London, UK: The UK authorities collaborated with the Indian Government in planning Operation Bluestar — the controversial 1984 Golden Temple operation authorised by the then Prime Minister Indira Gandhi. This has been revealed by some newly released documents in London.
Secret correspondence from the British national archives shows how a UK special forces expert visited New Delhi and advised the Indian authorities on how to retake the Golden Temple, despite acknowledging that any military action could “exacerbate the communal violence in the Punjab.”
The name of the Special Air Service (SAS) officer and details of his hush-hush visit have not been made public, but a top secret letter written on February 23, 1984 by BJP Fall , Principal Private Secretary to the British Foreign Secretary, states, “The Indian authorities recently sought British advice over a plan to remove Sikh extremists from the Golden Temple in Amritsar. The Foreign Office decided to respond favourably to the Indian request and, with the Prime Minister’s agreement, an SAD (SAS) officer has visited India and drawn up a plan which has been approved by Mrs Gandhi. The Foreign Secretary believes that the Indian Government may put the plan into operation shortly.”
Fall’s letter to his opposite number in the British Home Office was written at a time when the UK was negotiating arms sales with India. His letter continues, “An operation by the Indian authorities at the Golden Temple could, in the first instance, exacerbate the communal tension in the Punjab. It might also, therefore, increase tension in the Indian community here, particularly if knowledge of the SAS involvement were to become public. We have impressed upon the Indians the need for security; and knowledge of the SAS officer’s visit and of his plan has been tightly held both in India and in London.”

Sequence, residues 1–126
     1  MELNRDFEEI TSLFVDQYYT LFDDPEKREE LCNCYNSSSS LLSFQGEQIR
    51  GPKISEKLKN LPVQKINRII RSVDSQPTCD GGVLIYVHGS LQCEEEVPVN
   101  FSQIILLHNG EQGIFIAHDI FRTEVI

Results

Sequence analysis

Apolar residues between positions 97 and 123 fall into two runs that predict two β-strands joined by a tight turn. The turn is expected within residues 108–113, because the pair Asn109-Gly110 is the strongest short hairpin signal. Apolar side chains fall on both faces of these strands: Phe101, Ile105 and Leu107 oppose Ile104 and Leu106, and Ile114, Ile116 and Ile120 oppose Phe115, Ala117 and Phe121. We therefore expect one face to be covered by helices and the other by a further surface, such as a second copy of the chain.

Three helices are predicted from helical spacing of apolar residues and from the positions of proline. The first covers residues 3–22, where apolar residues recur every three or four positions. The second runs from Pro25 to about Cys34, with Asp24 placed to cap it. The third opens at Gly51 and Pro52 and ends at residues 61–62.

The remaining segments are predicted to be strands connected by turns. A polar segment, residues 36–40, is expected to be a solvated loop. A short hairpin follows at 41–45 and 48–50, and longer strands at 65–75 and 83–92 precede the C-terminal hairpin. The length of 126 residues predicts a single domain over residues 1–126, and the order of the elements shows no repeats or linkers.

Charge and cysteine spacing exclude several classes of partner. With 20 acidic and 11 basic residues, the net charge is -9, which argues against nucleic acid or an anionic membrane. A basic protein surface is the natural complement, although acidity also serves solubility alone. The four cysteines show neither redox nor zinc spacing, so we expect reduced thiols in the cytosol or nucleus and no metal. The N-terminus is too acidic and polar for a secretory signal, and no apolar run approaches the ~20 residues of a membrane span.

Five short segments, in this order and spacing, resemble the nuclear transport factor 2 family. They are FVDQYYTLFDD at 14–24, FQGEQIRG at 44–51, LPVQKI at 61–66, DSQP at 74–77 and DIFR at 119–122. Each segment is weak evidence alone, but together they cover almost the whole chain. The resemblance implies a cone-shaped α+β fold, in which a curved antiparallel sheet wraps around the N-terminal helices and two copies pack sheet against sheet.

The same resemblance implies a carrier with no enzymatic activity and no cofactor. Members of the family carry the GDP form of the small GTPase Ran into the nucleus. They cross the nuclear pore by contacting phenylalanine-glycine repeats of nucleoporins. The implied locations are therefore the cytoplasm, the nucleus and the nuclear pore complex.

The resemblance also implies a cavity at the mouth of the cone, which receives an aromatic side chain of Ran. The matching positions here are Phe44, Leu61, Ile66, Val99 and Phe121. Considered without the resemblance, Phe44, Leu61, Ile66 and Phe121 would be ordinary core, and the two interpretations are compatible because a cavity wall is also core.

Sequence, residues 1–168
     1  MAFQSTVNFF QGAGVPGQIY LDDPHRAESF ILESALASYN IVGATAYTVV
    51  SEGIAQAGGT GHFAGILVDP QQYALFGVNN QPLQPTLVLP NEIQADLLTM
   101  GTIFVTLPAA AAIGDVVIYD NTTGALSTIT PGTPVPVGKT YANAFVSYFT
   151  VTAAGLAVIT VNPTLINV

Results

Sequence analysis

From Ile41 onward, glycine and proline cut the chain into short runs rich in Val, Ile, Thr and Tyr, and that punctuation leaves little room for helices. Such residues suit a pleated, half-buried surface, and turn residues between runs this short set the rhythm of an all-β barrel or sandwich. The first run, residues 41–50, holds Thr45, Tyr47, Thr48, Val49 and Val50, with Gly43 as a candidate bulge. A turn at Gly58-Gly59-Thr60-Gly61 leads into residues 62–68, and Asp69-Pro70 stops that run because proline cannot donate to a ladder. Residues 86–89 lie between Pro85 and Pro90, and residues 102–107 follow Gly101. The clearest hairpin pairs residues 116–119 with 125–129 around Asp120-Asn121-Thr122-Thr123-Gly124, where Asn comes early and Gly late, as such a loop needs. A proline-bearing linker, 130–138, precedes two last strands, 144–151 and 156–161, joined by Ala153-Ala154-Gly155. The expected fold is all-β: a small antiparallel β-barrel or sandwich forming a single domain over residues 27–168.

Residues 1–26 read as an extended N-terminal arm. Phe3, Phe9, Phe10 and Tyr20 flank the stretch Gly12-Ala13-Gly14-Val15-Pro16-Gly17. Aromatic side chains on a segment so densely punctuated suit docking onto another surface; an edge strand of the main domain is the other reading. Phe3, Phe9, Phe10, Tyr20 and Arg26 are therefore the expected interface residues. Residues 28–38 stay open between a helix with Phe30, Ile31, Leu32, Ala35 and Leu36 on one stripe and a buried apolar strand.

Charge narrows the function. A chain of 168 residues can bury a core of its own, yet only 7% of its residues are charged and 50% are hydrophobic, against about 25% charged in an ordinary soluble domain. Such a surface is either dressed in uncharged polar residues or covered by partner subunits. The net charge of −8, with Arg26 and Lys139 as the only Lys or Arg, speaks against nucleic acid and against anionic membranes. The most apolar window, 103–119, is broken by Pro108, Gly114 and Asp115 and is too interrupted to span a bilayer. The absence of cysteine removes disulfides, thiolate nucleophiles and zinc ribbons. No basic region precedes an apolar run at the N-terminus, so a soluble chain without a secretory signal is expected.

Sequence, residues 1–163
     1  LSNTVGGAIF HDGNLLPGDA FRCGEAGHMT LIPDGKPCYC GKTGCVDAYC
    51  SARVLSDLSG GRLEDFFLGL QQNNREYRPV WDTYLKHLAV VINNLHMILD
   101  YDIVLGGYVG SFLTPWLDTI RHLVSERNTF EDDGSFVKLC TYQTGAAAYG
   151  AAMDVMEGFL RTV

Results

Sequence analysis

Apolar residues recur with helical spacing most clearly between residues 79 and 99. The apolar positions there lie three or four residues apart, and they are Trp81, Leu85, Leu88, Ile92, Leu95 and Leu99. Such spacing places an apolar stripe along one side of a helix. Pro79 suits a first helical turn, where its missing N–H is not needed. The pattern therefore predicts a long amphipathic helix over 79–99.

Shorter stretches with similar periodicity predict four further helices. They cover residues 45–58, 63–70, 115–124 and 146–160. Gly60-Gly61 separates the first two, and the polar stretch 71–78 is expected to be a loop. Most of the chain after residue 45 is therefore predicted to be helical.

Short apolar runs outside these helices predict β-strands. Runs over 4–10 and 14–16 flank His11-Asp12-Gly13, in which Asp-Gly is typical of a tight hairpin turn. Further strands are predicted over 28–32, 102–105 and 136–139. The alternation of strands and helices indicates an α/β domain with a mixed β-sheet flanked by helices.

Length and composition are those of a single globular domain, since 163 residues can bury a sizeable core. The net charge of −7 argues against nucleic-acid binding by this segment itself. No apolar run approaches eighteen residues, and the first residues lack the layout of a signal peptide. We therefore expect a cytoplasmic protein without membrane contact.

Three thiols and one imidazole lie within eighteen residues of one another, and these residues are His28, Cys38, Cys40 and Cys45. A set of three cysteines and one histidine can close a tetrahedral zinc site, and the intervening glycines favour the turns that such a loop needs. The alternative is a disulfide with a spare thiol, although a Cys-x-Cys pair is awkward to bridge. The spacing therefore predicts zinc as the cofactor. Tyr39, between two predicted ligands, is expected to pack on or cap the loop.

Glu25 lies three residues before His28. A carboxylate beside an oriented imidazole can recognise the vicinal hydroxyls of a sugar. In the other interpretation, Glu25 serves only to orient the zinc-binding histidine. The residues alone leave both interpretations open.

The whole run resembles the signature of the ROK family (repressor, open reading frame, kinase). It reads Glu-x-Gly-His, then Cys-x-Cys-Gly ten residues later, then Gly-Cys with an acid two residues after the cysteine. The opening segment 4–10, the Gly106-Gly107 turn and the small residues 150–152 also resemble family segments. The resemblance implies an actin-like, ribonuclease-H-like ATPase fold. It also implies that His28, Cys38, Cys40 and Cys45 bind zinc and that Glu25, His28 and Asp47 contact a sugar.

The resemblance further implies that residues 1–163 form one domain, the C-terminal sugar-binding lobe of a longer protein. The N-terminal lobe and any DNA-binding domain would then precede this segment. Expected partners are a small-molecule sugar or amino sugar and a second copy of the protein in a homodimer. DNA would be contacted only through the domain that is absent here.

An earlier February 3 letter to Mr Fall sent by Prime Minister Margaret Thatcher’s Principal Private Secretary, FER Butler, acknowledges receiving New Delhi’s request for “advice on plans for the removal of dissident Sikhs from the Golden Temple.”
Butler’s letter continues, “The Prime Minister is content that the Foreign Secretary should proceed as he proposes. She will look forward to receiving a report on the adviser’s visit and notes that the Home secretary would be informed if the Indians seemed likely to proceed with their plans.”
Commenting on the documents Opposition Labour MP Tom Watson says, “The claim that the British Government colluded with the Government of India over Operation Bluestar will cause huge upset and offence to many British Sikhs.
“I’ve only seen the documents this morning and am told there are others that have been withheld.
This is not good enough. It is not unreasonable to ask for an explanation about the extent of British military collusion with the government of Indira Gandhi.
“In the year when Sikhs commemorate their role in the centenary of World War-I and mourn for loved ones lost in the events of 1984, this latest revelation will be deeply felt.
“I am writing to the Foreign Secretary about this matter and will raise it in the House of Commons. I expect a full explanation.” In a separate radio interview Watson commented on Monday, “It appears that documents have been released by the government under the 30-year rule and it shows top secret papers from Mrs Thatcher authorising the SAS to collude with the Indian Government on the planning of the raid on the Golden Temple….
“I was genuinely surprised and ..on behalf of my constituents l was also upset and deeply offended that we would be involved with what turned out to be a raid that caused huge loss of life and political tensions ever since…”
Asked to comment on the documents, a spokeswoman for the Foreign and Commonwealth Office told The Tribune: “We are waiting for verification.”
SAS is UK’s Special Forces
The SAS is the acronym for Special Air Service, the elite special forces of the United Kingdom, which is primarily tasked with counter-terrorism operations in peacetime and special operations in wartime. There are three regiments of the force, which has taken part in a number of military operations the world over, including in the Falklands, Afghanistan and Iraq. A number of special forces of different countries have been modelled on the SAS, which goes by the motto “Who Dares Wins”.
Source: The Tribune